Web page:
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Diesel imports soar
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China's diesel imports jumped more than fourfold in December from a year earlier after the government ordered refiners to ensure supplies and ease shortages.


Imports of the fuel increased to 820,000 metric tons last month, the highest in at least five years, reported Bloomberg News, quoting customs data released in Beijing yesterday. In 2007 alone, China more than doubled diesel imports to 1.62 million tons.


The imports, coupled with increased production, helped state oil companies to restore normal fuel supplies late last month in Asia's biggest energy-consuming nation. The country had its worst fuel shortages in more than two years when demand reached a peak last summer.


"China has to increase imports to meet domestic supply," Bai Xuesong, a senior engineer with China International Chemical Consulting Corp, said from Beijing yesterday.


"The demand for diesel will rise again from March before the harvest season comes."


Exports of diesel were unchanged at 30,000 tons in December compared with November, the lowest since July. Full-year exports fell 15 percent to 660,000 tons, yesterday's figures show.


China may halt diesel imports in February because of increased domestic production and lower demand during the Lunar New Year holiday week, officials at China International United Petroleum & Chemical Corp and China National United Oil Corp, said. These are the nation's two largest oil trading companies.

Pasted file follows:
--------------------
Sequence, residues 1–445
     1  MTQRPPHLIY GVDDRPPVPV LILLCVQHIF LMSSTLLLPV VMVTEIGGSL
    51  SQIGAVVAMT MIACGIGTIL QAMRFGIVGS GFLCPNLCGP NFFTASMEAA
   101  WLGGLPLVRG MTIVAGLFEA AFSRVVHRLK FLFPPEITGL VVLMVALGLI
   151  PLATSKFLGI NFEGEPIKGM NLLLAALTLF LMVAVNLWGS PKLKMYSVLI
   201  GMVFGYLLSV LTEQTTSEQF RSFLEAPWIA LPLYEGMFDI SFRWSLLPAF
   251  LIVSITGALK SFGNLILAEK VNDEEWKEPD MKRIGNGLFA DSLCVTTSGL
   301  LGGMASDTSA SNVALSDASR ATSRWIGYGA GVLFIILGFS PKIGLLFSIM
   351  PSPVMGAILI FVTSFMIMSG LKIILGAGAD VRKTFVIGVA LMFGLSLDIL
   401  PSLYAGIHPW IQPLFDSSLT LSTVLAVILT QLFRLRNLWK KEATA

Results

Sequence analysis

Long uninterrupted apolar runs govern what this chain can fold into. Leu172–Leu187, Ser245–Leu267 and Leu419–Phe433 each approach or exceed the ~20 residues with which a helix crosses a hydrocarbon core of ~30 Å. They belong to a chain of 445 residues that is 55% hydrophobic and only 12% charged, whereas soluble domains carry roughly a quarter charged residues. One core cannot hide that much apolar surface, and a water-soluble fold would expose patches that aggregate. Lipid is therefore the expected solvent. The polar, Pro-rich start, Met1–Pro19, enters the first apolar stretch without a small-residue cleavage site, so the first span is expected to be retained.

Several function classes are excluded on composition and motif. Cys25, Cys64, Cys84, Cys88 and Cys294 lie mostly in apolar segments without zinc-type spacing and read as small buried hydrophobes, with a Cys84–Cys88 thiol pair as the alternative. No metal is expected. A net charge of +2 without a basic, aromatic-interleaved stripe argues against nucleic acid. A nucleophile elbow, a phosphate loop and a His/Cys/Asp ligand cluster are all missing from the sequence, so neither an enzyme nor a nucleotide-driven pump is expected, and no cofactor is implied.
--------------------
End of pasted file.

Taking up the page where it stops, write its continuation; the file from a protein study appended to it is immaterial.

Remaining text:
Fuel supplies have returned to normal after the company increased imports and production, China Petrochemical Corp, the nation's largest oil refiner, said on December 25.


China halved import tariffs on gasoline, diesel and jet fuel to one percent starting January 1 and waived coal tariffs to mitigate oil companies' losses when importing.


Chinese refineries have been losing money from processing crude into fuel since July after crude costs soared. China Petrochemical will lose about 500 yuan (US$69) for each ton of gasoline it imports, the state refiner said in September. China keeps fuel prices lower than international levels to limit their impact on inflation.


(Shanghai Daily January 16, 2008)

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